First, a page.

This type is also called the “floating palate.” Usually the result of a downward blow to the upper jaw. The fracture line passes superior to the maxillary alveolar processes, separating the teeth from the upper face.

It involves the alveolar ridges, lateral part of the nose, body of the nasal septum and inferior part of the maxillary sinus. Lower maxilla and the maxillary teeth are the floating fragments.

Le Fort type 2

The fracture of the face has a pyramidal shape. Usually results from a blow to the middle to lower maxilla. The key component is involvement of the inferior orbital rim. At the base of the pyramid lie the teeth, the apex of the pyramid is formed by the nasofrontal suture.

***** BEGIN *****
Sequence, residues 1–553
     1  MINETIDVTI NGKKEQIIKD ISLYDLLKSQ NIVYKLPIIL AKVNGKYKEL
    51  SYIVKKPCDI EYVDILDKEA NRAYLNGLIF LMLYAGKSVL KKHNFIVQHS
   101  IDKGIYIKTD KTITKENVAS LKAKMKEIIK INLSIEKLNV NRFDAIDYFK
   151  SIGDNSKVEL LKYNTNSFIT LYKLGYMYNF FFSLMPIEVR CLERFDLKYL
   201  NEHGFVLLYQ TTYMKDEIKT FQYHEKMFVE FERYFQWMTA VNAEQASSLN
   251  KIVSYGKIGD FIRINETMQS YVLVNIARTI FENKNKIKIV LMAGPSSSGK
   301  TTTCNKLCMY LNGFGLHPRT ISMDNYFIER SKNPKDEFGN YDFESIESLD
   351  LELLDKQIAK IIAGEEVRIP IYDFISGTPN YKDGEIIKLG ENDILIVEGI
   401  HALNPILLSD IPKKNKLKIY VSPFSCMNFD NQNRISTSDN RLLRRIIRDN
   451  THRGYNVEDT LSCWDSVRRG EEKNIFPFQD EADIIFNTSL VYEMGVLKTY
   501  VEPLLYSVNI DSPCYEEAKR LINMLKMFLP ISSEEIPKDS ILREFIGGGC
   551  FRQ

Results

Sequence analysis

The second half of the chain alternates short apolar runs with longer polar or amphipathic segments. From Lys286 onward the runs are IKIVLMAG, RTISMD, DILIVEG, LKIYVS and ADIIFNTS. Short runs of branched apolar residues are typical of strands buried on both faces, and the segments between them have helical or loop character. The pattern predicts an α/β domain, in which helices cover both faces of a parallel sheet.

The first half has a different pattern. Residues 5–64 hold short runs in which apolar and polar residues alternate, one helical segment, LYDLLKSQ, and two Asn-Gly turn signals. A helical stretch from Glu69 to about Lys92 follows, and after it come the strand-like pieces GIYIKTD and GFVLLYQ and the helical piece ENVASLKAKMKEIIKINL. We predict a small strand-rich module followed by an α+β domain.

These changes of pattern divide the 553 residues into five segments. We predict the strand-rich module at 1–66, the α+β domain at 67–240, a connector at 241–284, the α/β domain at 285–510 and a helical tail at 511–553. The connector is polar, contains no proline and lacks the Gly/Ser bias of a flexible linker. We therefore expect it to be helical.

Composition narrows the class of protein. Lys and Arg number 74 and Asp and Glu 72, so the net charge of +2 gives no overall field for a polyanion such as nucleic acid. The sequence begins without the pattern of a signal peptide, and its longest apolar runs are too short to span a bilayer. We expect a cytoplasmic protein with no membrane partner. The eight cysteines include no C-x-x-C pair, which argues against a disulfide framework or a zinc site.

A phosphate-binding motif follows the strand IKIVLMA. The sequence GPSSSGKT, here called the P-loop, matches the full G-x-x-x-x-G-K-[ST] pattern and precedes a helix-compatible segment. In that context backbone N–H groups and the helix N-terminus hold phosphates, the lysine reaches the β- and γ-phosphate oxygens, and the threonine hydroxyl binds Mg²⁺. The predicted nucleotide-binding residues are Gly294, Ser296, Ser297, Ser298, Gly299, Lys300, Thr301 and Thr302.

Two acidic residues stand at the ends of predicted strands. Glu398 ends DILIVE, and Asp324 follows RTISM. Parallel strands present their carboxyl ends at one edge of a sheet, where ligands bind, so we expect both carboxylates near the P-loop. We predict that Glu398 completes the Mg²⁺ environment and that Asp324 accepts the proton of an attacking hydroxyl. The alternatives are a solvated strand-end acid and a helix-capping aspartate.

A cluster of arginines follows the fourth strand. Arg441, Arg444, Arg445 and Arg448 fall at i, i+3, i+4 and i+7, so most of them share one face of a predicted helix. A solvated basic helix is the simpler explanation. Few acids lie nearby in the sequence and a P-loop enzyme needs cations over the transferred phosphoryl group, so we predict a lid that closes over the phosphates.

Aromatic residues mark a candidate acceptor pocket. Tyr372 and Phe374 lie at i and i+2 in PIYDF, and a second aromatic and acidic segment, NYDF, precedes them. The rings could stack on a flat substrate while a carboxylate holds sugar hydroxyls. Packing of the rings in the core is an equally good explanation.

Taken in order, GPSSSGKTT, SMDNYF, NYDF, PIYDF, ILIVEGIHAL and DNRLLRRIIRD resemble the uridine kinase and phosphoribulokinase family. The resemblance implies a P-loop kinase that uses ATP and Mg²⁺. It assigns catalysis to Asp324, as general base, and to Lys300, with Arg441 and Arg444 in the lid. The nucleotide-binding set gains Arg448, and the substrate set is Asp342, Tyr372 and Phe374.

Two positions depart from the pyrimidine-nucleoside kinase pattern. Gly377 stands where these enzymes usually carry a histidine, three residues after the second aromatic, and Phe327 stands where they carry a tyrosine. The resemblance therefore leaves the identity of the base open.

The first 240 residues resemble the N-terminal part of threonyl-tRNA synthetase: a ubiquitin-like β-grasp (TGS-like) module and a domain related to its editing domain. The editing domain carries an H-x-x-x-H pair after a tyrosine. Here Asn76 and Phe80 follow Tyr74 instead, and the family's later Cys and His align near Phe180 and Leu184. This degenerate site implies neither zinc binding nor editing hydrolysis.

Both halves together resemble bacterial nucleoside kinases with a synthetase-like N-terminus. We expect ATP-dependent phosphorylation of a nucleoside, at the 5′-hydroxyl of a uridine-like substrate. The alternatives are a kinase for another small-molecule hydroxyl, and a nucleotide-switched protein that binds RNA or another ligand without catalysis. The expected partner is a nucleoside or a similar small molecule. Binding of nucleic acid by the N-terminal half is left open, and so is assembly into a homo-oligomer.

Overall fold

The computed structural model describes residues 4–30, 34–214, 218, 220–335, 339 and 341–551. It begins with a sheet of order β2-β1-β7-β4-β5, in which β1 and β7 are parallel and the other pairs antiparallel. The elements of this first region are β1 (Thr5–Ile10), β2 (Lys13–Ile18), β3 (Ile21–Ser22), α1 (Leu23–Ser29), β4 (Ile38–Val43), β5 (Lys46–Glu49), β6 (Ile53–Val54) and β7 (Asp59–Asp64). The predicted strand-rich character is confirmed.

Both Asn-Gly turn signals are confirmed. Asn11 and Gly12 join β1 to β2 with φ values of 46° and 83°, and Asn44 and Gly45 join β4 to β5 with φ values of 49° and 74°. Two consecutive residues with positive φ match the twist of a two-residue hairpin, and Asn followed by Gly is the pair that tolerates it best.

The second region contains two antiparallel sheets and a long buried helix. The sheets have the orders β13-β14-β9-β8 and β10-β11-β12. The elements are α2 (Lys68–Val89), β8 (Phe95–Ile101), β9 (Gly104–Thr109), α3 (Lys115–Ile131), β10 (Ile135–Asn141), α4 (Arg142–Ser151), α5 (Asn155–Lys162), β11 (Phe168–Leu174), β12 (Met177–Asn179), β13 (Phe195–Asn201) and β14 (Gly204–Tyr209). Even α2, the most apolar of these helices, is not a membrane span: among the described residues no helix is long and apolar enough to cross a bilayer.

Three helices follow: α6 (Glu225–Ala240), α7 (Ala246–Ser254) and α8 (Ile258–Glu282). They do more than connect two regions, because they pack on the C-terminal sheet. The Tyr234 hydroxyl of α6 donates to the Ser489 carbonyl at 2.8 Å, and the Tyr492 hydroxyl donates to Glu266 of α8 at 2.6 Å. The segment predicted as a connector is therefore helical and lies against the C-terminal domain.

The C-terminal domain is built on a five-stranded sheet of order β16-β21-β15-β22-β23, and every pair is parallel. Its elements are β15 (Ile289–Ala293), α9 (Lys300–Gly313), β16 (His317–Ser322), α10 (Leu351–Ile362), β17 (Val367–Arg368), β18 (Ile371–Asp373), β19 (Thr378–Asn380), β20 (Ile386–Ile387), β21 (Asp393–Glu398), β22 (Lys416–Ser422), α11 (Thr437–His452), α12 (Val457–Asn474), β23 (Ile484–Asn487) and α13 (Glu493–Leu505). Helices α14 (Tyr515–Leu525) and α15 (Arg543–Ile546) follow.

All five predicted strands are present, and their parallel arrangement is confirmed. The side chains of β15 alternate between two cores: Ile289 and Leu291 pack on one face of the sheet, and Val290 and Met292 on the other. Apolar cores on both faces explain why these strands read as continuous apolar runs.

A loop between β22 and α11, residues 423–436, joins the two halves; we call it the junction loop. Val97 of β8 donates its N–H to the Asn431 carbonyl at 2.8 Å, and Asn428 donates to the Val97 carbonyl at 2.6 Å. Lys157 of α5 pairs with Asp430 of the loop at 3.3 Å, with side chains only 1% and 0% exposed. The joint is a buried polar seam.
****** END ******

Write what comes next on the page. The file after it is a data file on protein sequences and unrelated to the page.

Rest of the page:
Fracture line passes from the posterior alveolar ridge then the lateral walls of maxillary sinuses and inferior rim of the orbit till the nasal bones. This type of fracture involves the posterolateral wall of the maxillary sinus and the infraorbital foramina. Lacrimal or ethmoid bones can also be fractured along with the maxilla.

Le Fort type 3

These are transverse fractures, also known as craniofacial dissociation. Can result from a blow to the nasal bridge or upper maxilla. These fractures involve the zygomatic arch, the orbital wall and floor, ethmoids, vomer, and nasofrontal suture. The fracture line is in the horizontal plane and passes through the superior orbital fissure. The facial bones can be massively disturbed. The figure shows the fracture line passing through the above-mentioned structures. A frequent symptom of these fractures is cerebrospinal fluid (CSF) rhinorrhea (leakage through the nose).